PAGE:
by Jack Somers

It started with a Snickers bar. I waited until the clerk was ringing up another customer and then slipped it into the sleeve of my coat. I wasn’t just stealing because I was an asshole or because I was bored. I hadn’t eaten anything in three days. I was desperate. The nearest soup kitchen was on the other side of town, and I didn’t have a car.

I took the Snickers back to the basement where I was squatting and ate it slowly, savoring each sweet, nutty bite. That night I slept better than I had in weeks. For the first time since I lost my job, I didn’t dream about food. I dreamed about tossing a football around with my son who I hadn’t seen in eighteen years.

The next day I stole a box of Raisin Bran. I figured I needed something that would last me a little longer, something that would cover breakfast, lunch, and dinner. The way I did it was I took the bag out of the box, stuffed it into the front of my shirt, and zipped my coat over it. I put the empty box back on the shelf. After the cereal was gone, I told myself, I would go out and look for work.

But I was back at it again two days later. I lifted a loaf of bread and a bottle of Grey Goose. Then I went into a drug store and swiped a bar of soap, shaving cream, and a razor. It had been so long since I’d seen myself clean-shaven that I didn’t recognize the guy in the mirror at first. He had cheeks like lunar craters, sagging flesh under his chin, deep wrinkles bracketing his chapped mouth. He wasn’t me; he was a corroding effigy of me, a withered husk, as empty and derelict as the factory in downtown Cleveland where I used to work.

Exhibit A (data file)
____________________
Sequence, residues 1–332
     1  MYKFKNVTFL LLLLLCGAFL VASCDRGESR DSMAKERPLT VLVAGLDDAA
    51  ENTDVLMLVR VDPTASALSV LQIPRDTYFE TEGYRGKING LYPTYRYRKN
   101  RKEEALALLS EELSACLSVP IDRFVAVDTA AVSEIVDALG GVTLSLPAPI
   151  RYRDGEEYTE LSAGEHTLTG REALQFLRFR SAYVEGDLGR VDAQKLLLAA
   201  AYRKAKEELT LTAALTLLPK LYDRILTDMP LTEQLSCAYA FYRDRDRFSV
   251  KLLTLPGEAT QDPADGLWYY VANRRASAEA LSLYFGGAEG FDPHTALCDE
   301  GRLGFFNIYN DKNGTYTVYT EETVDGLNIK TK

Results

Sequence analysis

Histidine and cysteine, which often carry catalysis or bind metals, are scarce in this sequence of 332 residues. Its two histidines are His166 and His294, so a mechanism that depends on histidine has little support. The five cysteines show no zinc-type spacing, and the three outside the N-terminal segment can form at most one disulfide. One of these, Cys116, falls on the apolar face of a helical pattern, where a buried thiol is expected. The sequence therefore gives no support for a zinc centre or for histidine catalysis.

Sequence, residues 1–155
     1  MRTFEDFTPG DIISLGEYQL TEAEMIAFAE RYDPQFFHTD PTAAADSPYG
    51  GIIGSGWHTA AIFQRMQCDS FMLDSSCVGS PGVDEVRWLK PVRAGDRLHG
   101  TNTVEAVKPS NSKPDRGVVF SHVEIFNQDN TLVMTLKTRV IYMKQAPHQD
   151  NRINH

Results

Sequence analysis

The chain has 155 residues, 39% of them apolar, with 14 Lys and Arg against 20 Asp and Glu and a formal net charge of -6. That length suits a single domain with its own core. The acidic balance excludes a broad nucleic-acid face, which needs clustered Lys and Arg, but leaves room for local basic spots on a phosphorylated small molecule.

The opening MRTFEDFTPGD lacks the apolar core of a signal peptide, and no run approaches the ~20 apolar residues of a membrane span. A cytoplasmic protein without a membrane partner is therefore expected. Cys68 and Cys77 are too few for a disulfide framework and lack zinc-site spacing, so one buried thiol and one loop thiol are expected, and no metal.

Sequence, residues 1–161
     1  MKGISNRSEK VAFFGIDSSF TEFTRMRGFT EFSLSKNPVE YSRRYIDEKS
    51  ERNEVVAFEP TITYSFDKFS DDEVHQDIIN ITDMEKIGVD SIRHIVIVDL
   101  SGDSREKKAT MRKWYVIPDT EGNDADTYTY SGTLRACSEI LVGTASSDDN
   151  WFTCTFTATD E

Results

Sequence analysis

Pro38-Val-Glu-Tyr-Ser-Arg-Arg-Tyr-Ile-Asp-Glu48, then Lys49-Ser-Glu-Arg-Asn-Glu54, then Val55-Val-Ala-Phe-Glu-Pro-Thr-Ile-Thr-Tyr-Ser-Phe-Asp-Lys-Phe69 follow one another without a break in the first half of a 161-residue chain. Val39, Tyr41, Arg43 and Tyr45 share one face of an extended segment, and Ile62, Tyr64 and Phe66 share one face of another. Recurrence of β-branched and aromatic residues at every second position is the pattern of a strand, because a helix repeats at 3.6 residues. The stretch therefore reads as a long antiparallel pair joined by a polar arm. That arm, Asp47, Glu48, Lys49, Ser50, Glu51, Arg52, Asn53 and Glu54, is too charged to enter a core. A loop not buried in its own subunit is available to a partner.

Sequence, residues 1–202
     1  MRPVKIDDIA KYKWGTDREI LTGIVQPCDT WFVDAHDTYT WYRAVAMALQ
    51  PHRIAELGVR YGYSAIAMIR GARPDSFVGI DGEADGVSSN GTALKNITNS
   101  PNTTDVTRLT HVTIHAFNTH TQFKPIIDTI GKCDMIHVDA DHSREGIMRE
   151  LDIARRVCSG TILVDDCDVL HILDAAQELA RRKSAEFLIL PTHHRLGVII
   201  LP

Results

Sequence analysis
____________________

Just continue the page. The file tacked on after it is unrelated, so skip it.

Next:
After a couple weeks, I stopped stealing stuff I needed and started stealing random things just to see if I could. I stole cologne and cutlery and reading spectacles. I walked out of a home goods store with three ceramic dishes and four cinnamon scented candles. I nabbed a three hundred dollar Patagonia jacket and a small stainless steel desk lamp from Nordstrom. I drifted into a jewelry store and made off with a Rolex and two white gold wedding rings.

I spread my plunder out around the basement. I put the dishes on the table, the desk lamp by my mattress, and the candles in the window. I wanted to fill the whole place up, to banish the emptiness.

I was on my way to pinch a toaster when the kid approached me and pulled a gun. He took everything I had on me—my Patagonia jacket, my Rolex, and my rings. I didn’t mind. I actually wished him well. Maybe he was desperate, too. Maybe he was just trying to fill his own empty places.

Jack Somers’ writing has appeared in a number of publications including Literary Orphans, Jellyfish Review, and DecomP Magazine and is forthcoming in WhiskeyPaper. Find him on Twitter @jsomers530 or visit his website